In Alameda County Management Employees Association v. Superior Court of Alameda County, (— Cal.Rptr.3d —-, Cal.App. 1 Dist., March 7, 2011), a court of appeal considered whether the Superior Court of Alameda County violated statutory law when it failed to meet and confer with the labor organization representing managerial employees before changing their seniority and demotion rights. The court of appeal held that the Superior Court violated statutory law and its own policies and rules by changing the seniority and demotion rights of the managerial employees based on the Superior Court’s memorandum of understanding with a labor organization representing other court employees.
The Alameda County Management Employees Association (“ACMEA”) is a labor organization that represents certain managerial, supervisory, and administrative employees of the Superior Court of Alameda County (“Superior Court”). The Superior Court promulgated personnel policies in 2001 after meeting and conferring with the ACMEA and other labor organizations that represent court employees. The Superior Court amended the policies in 2003, 2006, and 2008. The personnel policies provide that they apply to represented and unrepresented employees and where there is a conflict with a MOU, the MOU will govern employees covered by that MOU. The personnel policies contain a layoff policy that became effective in May 2003, which has not been amended since that time. The layoff policy provides that, if there is a layoff, an employee who is in a classification affected by the reduction in force may “[e]lect to demote to a lower paying class if the employee previously held tenure in the lower paying class.” The Superior Court and the ACME negotiated an MOU effective from January 1, 2009, and December 31, 2011.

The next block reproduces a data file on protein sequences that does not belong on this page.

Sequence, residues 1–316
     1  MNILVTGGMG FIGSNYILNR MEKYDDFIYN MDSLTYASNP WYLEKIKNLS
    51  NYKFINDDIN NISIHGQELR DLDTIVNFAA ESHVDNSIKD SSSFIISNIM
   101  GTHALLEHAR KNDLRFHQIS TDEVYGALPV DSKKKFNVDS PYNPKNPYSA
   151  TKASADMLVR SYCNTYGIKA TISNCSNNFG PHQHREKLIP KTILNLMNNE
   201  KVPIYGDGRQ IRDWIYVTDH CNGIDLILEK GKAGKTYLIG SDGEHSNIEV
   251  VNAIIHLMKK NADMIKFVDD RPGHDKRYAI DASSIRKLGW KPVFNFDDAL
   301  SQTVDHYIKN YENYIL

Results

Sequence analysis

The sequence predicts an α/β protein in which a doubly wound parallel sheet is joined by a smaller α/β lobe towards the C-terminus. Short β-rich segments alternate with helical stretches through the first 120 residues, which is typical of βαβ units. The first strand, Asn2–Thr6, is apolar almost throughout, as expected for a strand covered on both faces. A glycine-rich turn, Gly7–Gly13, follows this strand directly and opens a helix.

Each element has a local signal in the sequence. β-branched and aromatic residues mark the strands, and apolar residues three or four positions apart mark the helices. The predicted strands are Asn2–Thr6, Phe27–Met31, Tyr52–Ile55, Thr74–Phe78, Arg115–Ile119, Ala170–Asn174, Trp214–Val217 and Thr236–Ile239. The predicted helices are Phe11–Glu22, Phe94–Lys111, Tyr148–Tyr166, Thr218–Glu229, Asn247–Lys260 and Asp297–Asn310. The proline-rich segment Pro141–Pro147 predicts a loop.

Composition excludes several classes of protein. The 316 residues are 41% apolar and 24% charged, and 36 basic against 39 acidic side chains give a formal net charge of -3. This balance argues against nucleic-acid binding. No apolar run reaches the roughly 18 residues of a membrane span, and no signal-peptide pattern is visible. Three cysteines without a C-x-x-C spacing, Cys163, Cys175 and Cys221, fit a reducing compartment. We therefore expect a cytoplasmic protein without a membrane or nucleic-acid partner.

The Service Employees International Union, Local 1021 (“SEIU”), represents Superior Court employees who hold jobs in the following classifications: courtroom clerk, administrative services clerk, legal processing assistant, fiscal assistant, and trial court financial hearing officers. The MOU between the Superior Court and the SEIU was to be in effect between January 1, 2009, and December 31, 2011. The SEIU MOU was entered into without any notice to the ACMEA and the ACMEA did not have the opportunity to meet and confer over the terms of the MOU between the Superior Court and the SEIU. The SEIU MOU contains the following language that was not contained in any previous MOU: “Seniority Defined: Except for layoff and recall which utilize classification seniority, seniority shall be measured by hours worked (paid status) using the total service for the Court . . . if the employee has worked in a classification assigned to the Court prior to January 1, 2001.” The MOU further provides, “Seniority shall be terminated by . . . [f]ailure beyond six (6) months to return from a non bargaining unit position.”
Due to a significant reduction in budget, the Superior Court implemented a reduction in force. The Superior Court laid off 72 employees including 28 from the ACMEA bargaining unit, 37 from the SEIU bargaining unit, and seven unrepresented employees. Pursuant to the personnel policies, numerous employees who are members of the ACMEA bargaining unit would have been entitled “to transfers or demotions to classifications in which they had previously held tenure in the SEIU bargaining unit, to the extent that those positions are currently filled by less senior employees.” The employees notified the Superior Court that they wanted to demote or transfer to classifications within the SEIU bargaining unit because they had previously held tenure in those classifications. The Superior Court refused the requests of nine employees “on the grounds that they had been out of the SEIU bargaining unit for more than six months, and instead laid them off.” The Superior Court allowed two ACMEA employees to elect to demote instead of being subject to the layoff. Eleven ACMEA employees requested due process hearings.
The ACMEA filed a petition for writ of mandate asserting that the Superior Court had violated the Trial Court Employment Protection Governance Act “by failing to meet and confer with ACMEA before changing the seniority and demotion rights of its members.” The trial court denied the petition.
The court of appeal held that the Superior Court violated California law when it changed the employees’ “seniority and bumping rights without first meeting and conferring in good faith with ACMEA.” The court, however, found that the Superior Court did not deny the laid-off employees due process.